Branding. It is a word often bandied about: personal branding, corporate branding, product branding, and so on. It is easy to categorize branding as another overused buzzword along the lines of synergy and paradigm shift. In fact, it represents how your firm is perceived and the
results of that perception. It can be a valuable asset that you should proactively manage.
A brand to me is a living, breathing entity that extends well beyond a logo and website. It is constantly evolving or devolving. It is important to realize that what your firm brand stands for mostly begins with you. Your values and your personal reputation are most likely the biggest factors impacting your brand.
This is the secret for effectively managing your firm’s brand.
With that truth in mind, take a step back and think about your firm. What do you think your brand is? What would clients say if I asked them what you stand for? How would you like them to answer that question? And finally, what is the best way to go about building the brand of you (and subsequently your firm)?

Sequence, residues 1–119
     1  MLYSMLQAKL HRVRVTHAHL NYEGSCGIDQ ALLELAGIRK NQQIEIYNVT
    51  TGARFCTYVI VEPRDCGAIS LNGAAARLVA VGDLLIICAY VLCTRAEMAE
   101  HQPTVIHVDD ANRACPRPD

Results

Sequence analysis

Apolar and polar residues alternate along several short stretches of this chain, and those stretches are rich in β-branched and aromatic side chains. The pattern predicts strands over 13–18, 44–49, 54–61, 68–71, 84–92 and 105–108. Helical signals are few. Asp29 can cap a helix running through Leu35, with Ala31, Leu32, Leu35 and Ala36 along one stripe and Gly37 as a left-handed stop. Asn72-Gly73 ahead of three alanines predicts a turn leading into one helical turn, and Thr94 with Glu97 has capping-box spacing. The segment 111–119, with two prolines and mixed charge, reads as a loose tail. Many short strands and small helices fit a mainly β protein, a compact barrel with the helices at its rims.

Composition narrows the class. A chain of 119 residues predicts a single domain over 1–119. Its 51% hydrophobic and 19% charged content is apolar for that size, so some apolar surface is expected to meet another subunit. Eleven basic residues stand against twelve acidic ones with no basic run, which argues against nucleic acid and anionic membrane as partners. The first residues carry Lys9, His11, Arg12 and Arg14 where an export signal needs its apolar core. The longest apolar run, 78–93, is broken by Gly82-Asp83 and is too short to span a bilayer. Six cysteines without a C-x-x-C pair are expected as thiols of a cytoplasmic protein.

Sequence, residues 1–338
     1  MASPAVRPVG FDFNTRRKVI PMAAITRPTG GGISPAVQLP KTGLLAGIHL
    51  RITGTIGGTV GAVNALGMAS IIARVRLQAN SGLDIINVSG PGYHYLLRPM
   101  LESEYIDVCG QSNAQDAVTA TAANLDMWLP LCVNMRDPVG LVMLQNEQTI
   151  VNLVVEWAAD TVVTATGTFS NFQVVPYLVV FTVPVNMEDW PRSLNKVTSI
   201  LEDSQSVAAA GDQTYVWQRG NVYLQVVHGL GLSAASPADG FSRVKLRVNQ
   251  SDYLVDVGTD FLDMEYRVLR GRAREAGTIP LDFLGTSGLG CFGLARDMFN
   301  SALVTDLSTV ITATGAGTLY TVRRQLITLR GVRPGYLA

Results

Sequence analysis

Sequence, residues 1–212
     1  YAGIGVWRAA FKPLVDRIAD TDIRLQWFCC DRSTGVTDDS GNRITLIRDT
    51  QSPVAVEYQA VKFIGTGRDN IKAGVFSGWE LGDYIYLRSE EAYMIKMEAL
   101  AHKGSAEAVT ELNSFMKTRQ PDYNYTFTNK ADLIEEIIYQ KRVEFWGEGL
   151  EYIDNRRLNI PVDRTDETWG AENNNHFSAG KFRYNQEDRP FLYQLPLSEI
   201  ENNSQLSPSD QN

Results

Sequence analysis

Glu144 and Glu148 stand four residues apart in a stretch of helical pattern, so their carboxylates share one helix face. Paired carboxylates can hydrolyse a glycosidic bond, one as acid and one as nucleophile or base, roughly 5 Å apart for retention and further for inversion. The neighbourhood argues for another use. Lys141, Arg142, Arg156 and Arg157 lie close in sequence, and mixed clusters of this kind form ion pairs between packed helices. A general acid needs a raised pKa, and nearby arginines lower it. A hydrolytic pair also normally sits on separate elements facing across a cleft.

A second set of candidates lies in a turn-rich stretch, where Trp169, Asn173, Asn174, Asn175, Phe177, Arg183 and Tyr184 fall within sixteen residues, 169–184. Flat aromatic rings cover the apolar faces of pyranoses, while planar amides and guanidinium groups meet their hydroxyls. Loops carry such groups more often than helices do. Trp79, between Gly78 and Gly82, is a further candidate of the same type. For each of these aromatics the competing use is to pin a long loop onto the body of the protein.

Here are three steps to build your brand from the inside out.
Step 1: Write Down and Communicate Your Values with Your Employees.
You may have an idea of what values your personal brand encompasses, but have you shared them with your employees or your customers? Values represent an important cornerstone for brands. It is what your brand stands for, what it delivers.
In my experience, it is best to write down an outline of the things I care about and then talk with the people I care about to get their input. It is no surprise that the Bill.com corporate values are a close reflection of my own personal values: humility, passion, authenticity, dedication and fun.